Women in Forestry
BLOG: Owning the outcome – living the value of respect
By Tanya Wick
By Tanya Wick
Editor’s note: This article is part of a series of blogs about women in the forestry workforce written by Tanya Wick, vice-president of people and services at Tolko Industries.
Respect. It’s a word we hear and use often. But what does it really mean, and what does it really look like in practice in the workplace?
Respect is a central component to diversity and inclusion. We simply won’t create an inclusive workplace without respect. What do we mean in our environment when we talk about this value? By painting a picture of the behaviours associated with respect, we can ensure we are all creating a shared image.
As a conversation starter, here are few tangible examples of what respectful and inclusive behaviour looks like to me.
Recognize your bias
We all have biases based on our own unique experiences. The important thing is to recognize them so we can make a conscious effort to catch ourselves and behave differently. Ask trusted colleagues for candid feedback and take a 360-degree approach to seeking input. Be conscious of the words and physical reactions that surface when interacting with others and be mindful, respectful, curious and supportive of differences.
Give back or pay it forward
Mentoring is one of the most valuable and effective development opportunities an employee can have, especially to those from under-represented groups. Mentors can ‘give back’ by providing guidance and advice to someone less experienced than themselves. Where mentorship tends to be a more formalized relationship, sponsorship is more ad hoc but is an extremely powerful way to elevate others. Sponsors can ‘pay it forward’ by making use of their connections in the organization to elevate the level of exposure an employee might need to be considered for development or special projects.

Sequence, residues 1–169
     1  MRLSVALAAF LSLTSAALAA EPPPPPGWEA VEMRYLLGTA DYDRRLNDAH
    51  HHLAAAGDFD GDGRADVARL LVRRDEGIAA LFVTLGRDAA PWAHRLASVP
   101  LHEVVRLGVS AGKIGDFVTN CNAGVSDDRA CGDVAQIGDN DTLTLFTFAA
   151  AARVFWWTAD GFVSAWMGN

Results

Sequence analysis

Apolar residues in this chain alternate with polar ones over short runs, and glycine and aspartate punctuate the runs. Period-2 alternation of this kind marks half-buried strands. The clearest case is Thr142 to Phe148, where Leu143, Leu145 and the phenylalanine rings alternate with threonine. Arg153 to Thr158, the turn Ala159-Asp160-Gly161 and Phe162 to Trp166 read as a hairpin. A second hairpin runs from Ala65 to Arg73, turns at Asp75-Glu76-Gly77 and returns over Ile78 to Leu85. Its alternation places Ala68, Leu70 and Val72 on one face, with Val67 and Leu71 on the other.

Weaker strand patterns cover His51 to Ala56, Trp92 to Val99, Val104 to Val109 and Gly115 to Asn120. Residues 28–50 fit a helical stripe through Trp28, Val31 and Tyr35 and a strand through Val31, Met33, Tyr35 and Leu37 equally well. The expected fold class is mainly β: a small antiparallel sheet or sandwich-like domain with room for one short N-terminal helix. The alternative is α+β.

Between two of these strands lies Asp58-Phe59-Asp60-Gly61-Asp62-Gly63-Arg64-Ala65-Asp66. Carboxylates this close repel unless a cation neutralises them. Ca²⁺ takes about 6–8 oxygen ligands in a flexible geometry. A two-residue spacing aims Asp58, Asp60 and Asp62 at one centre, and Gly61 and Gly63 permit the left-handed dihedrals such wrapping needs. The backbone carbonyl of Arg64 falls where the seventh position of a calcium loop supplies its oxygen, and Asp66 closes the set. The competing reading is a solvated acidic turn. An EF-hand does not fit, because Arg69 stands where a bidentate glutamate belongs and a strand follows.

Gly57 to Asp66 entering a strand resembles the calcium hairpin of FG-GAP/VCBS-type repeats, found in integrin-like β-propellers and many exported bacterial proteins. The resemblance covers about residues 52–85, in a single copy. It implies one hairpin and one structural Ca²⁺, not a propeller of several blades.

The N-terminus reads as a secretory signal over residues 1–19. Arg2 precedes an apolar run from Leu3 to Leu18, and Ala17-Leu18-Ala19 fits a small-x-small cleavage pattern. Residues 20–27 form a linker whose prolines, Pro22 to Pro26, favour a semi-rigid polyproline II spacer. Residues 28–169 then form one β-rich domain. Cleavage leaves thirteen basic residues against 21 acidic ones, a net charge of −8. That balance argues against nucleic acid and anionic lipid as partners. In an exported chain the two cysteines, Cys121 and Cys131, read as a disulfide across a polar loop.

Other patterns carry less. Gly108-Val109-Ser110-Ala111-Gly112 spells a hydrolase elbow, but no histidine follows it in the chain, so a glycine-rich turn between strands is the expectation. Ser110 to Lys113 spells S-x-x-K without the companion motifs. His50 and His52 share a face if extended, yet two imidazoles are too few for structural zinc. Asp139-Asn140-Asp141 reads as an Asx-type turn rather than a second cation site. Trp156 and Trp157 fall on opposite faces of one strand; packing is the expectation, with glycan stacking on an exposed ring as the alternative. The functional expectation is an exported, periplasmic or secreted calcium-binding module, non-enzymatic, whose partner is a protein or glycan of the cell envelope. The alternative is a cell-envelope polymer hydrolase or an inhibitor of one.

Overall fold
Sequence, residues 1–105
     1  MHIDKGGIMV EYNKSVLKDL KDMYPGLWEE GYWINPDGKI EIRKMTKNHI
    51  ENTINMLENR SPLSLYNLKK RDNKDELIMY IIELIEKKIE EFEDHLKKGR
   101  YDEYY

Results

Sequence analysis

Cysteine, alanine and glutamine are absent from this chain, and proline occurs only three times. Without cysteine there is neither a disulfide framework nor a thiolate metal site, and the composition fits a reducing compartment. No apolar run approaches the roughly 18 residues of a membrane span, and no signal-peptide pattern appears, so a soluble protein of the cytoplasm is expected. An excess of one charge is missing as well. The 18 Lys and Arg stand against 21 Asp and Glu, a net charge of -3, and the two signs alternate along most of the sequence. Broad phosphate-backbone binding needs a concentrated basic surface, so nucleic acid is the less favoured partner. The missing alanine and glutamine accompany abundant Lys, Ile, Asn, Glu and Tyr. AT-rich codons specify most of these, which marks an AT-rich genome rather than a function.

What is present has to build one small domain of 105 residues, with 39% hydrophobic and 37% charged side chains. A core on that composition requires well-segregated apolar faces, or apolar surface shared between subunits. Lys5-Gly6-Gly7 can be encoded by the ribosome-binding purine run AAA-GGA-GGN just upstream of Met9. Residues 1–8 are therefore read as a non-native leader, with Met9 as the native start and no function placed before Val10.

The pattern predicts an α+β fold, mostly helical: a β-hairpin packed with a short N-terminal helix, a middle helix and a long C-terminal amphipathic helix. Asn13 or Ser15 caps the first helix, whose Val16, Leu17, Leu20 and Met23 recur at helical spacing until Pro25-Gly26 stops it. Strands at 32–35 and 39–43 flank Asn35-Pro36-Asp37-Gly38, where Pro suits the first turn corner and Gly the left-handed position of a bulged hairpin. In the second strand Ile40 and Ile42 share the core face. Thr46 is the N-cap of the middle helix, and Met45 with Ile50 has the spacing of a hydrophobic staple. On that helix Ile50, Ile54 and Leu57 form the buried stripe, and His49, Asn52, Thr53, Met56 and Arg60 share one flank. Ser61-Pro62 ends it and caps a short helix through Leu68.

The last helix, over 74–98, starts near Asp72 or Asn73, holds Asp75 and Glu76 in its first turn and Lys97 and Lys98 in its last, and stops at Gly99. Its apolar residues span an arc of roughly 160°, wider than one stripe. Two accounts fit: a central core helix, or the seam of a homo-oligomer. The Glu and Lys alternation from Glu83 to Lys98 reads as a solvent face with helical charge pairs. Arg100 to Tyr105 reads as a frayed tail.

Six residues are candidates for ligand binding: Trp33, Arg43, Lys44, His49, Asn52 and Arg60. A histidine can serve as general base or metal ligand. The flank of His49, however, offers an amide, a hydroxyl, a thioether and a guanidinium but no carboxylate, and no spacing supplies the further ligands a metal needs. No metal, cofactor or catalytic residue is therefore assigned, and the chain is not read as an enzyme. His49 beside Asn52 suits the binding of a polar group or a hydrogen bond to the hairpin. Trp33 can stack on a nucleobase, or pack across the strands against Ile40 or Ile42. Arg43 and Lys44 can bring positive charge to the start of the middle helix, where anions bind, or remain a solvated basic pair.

Choose to be an upstander
If a disrespectful or demeaning comment goes unchecked, it not only erodes the self-worth and esteem of the person receiving the comment, but it is also normalized. Upstanders speak up or act in support of others, thereby discouraging this unwanted behaviour. The struggle people have is how to do it respectfully. This can take some practice and it’s important to find a way that is comfortable for you. Talking about it privately versus publicly or looking for opportunities to support positive behaviour rather than addressing the negative ones may be most suited to your style. Think of it as a new skill you will need to practice to become comfortable with it.
Amplify and recognize others
When people are talked over or see others getting credit for their good ideas, they stop talking and innovation is squashed. If you see this happen, you can give them a voice by saying, “I agree with [person] on their idea of….” or “I’m not sure that [person] was done explaining and I would like to hear the rest.” Small actions; big impact.
It’s natural for people to rely on the opinion of a small group of peers. To inspire innovation, try asking a peer who you don’t usually engage with for their opinion. Remember to be open to suggestions even (especially!) if it varies from your own. By remaining open, you may be able to recognize and interrupt your own unconscious bias. Challenge yourself to actively relate to a different perception.
Take deliberate actions that disrupt your “normal” process to help prevent biases from shaping your decisions and behaviours. Look for the positive in people and don’t make assumptions. Ask questions, be open, and take responsibility for learning about diverse backgrounds. Often a positive and curious question can interrupt your own usual process and help you learn something new.
Each of us can commit to a heightened awareness of the little things we can do to shift our own assumptions and behaviours. A series of small actions make a huge difference – positively or negatively – just like a series of snowflakes can eventually cause an avalanche. They are small on their own but together they can change a landscape.
Let’s keep moving forward together.
Tanya Wick is the vice-president of people and services at Tolko. This blog was originally published by Tolko. Republished with permission.